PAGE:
Just over a month ago, the demolition of a historic Gulf Coast hotel seemed imminent. Actually, the destruction of the Luther Hotel is still not off the table – but it’s at least not going to happen in January.
“A temporary restraining order was placed on the demolition,” said Palacios Preservation Association co-chair Margaret Doughty. “The City of Palacios were informed that they were not able to issue the building permit for two weeks while the injunction papers were being worked on for a hearing that’s been set for Feb. 2.”
A charitable group, the Ed Rachal Foundation, is under contract to buy the Luther Hotel on terms that it be torn down. The foundation wants to build something new in its place – but the Palacios Preservation Association has been trying to convince the foundation to instead restore the building.
“And we want to be sure that we very respectfully say to folks, you know, if you’re going to change your mind, this is the time and these are the reasons. Because once the building is destroyed, it’s too late,” Doughty said.
Last week, the National Trust for Historic Preservation stepped in. The nonprofit group sent a letter to the Ed Rachal Foundation encouraging it to explore alternatives to demolition and offering its services for preservation. The letter also underscored that the Army Corps of Engineers could refuse new permits if there’s any future indication the foundation demolished the historic hotel to avoid preservation alternatives.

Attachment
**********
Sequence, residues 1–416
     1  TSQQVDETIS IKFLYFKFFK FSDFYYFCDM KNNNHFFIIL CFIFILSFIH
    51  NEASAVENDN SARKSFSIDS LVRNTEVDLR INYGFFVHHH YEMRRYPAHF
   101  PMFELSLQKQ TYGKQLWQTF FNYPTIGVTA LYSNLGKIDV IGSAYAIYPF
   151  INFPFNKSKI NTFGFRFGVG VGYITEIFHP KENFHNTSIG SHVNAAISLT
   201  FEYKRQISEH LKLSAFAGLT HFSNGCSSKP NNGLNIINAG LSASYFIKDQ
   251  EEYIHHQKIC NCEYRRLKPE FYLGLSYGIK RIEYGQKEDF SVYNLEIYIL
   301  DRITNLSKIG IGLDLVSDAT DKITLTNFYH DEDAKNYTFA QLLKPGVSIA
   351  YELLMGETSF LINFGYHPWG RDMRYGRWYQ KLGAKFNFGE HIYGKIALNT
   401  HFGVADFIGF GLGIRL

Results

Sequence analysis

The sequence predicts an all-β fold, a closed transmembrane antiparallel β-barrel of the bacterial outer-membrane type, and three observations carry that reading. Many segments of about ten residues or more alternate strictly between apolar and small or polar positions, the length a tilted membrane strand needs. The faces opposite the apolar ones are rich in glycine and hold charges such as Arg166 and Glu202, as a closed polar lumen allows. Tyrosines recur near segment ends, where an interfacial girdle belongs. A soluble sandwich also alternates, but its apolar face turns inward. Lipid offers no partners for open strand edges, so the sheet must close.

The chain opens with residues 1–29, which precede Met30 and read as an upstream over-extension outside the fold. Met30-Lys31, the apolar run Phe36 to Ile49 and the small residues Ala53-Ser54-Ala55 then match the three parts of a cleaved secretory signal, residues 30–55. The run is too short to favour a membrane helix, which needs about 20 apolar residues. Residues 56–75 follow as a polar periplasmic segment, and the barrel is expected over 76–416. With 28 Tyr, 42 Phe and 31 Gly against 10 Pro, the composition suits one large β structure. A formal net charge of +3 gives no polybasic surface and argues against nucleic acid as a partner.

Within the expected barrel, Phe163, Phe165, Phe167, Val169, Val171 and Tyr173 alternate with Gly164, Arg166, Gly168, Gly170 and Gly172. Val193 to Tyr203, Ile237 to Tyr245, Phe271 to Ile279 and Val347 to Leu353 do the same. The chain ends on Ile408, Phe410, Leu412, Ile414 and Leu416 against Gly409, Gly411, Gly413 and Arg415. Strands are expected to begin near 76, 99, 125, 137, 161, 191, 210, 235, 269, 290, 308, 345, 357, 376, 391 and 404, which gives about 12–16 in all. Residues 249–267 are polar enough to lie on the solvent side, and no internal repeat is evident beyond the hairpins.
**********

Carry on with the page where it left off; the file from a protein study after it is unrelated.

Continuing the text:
The Luther Hotel, which was built in 1903, is on the National Register of Historic Places and has a Texas Historical Marker. The hotel has survived fires and hurricanes. It’s housed people during wars. But mostly it’s been the seaside center of culture and social life for Palacios locals and tourists alike.
“We’ve been very impressed at how many people have come forward and signed the petition to save the Luther,” Doughty said. “Local people, people from around the country, people from, actually, around the world.”
Doughty says her team and some pro bono lawyers are going to make sure every “t” has been crossed and “i” dotted before a demolition goes forward. But she’s still hopeful her group can help the Ed Rachal Foundation change its plans. She says the foundation has done a lot of good work for the Palacios community and the next best thing they can do, both for economic and cultural reasons, is to preserve the Luther Hotel.
“Wouldn’t the news headline that they might like to see be ‘the Ed Rachal Foundation saves the Luther Hotel’?” Doughty said.